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Cervical cancer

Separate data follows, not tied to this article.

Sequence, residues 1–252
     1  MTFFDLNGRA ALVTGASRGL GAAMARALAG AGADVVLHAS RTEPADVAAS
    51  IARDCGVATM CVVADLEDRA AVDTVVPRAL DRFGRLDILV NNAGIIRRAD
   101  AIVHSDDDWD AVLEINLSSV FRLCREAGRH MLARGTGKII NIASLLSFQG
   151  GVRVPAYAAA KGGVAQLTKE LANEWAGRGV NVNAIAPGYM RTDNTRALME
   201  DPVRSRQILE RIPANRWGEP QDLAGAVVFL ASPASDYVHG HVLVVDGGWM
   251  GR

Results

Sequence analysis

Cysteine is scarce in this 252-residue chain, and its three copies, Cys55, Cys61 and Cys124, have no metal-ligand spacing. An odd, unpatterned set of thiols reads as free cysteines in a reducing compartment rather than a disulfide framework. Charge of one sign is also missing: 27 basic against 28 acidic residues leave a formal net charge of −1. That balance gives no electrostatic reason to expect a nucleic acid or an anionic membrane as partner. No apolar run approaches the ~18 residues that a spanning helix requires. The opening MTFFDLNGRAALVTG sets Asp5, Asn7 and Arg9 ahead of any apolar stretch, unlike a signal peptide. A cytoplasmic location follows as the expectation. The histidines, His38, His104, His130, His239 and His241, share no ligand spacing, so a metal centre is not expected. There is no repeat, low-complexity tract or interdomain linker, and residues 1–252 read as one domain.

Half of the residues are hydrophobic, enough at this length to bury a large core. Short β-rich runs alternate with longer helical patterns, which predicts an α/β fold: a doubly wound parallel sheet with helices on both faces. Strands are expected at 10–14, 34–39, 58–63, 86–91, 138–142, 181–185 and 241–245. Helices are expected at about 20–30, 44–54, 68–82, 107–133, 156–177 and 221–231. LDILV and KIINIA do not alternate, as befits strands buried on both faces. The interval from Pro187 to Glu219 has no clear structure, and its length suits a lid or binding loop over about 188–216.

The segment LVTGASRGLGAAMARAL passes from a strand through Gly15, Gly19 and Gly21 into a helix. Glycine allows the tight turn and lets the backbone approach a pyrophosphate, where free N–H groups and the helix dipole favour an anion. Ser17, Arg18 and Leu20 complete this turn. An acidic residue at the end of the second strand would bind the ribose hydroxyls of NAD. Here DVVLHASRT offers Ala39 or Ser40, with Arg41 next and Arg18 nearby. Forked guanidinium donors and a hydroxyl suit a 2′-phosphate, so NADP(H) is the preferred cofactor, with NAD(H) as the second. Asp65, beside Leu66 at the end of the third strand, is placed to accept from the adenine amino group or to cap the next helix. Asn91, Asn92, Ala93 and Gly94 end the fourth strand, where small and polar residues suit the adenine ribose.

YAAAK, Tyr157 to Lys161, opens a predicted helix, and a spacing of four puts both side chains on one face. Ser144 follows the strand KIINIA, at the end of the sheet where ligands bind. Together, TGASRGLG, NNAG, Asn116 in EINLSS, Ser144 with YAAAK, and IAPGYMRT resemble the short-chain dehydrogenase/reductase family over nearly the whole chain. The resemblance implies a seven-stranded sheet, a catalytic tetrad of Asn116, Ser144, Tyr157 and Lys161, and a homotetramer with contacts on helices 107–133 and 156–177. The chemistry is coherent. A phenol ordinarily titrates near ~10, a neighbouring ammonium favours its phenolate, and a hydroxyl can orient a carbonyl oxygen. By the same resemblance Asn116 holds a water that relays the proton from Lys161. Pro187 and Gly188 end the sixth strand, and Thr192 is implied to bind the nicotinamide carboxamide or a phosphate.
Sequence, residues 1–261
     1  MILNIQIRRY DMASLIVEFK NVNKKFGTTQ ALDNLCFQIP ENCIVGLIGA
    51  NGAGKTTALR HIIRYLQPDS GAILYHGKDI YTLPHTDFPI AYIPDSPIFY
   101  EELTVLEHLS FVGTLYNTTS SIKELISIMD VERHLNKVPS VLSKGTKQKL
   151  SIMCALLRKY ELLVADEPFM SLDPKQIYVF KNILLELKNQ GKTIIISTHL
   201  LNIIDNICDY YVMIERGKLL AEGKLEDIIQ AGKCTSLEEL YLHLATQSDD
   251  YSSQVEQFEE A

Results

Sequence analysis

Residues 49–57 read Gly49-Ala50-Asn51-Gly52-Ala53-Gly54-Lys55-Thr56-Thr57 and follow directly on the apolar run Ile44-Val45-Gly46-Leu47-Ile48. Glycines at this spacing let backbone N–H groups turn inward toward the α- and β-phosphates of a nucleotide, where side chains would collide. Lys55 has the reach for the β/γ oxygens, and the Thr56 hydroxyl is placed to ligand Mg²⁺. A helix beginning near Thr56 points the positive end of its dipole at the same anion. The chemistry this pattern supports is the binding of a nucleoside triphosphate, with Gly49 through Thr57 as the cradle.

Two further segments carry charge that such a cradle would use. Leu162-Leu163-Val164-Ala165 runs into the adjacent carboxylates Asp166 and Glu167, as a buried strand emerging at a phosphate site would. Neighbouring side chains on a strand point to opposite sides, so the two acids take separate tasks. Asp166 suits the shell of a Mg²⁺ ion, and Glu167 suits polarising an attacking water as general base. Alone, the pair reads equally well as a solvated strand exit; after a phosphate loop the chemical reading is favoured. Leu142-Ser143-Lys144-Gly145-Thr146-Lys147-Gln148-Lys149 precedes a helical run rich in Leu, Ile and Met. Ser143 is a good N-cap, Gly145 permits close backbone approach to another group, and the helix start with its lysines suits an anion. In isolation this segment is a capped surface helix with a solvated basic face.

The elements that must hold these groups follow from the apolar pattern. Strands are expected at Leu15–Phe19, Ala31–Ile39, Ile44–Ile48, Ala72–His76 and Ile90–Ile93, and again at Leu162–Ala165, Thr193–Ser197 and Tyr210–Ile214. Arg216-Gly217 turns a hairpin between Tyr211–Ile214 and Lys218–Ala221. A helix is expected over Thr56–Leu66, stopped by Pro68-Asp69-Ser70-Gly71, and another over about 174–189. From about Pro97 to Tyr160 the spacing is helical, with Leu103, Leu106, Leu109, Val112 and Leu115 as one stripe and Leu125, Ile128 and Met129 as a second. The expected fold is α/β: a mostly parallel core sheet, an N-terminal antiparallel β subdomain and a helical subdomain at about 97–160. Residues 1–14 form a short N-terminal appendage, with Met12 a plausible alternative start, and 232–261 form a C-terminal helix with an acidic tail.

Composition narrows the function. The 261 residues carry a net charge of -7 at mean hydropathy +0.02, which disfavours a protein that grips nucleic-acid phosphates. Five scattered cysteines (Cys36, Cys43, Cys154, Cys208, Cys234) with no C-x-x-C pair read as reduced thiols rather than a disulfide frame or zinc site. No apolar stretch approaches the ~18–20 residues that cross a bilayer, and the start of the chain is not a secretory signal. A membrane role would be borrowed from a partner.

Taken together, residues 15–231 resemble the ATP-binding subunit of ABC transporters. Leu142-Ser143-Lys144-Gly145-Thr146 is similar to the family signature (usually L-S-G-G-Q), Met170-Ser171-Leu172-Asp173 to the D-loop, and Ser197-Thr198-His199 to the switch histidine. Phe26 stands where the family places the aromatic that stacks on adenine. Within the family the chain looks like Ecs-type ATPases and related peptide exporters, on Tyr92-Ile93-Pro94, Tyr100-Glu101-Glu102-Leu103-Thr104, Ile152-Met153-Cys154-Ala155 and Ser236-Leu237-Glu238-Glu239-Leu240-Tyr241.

The commonest form of gynaecological cancer. Estimates of the frequency of its occurrence are difficult because cancer is not a notifiable disease. Much research has been undertaken about risk factors. It seems that women who were sexually active at an early age and who have had a lot of partners are at risk. Jewish women are rarely affected, possibly through hereditary immunity or male circumcision. Cervical cancer is practically never found in women who live a life of strict celibacy, such as nuns. The disease can be detected at an early stage by a smear test. If the cancer is restricted to the surface of the cervix the chance of recovery is almost 100 per cent. The spread of cervical cancer is divided into stages; in the later stages the cancer is larger and/or metastasized. Symptoms occur only in the later stages: irregular menstruation, loss of blood during sexual intercourse, pain and vaginal discharge. Treatment depends on the stage of development of the cancer. If it is restricted to the cervix an operation is possible; if it has advanced further, treatment is by radiotherapy. To detect cervical cancer at an early stage it is important for women over the age of 25 to have a cervical smear every two years, more frequently for women in the high-risk groups. If there is an indication of inflammation or something similar it is possible to make a more thorough examination with a

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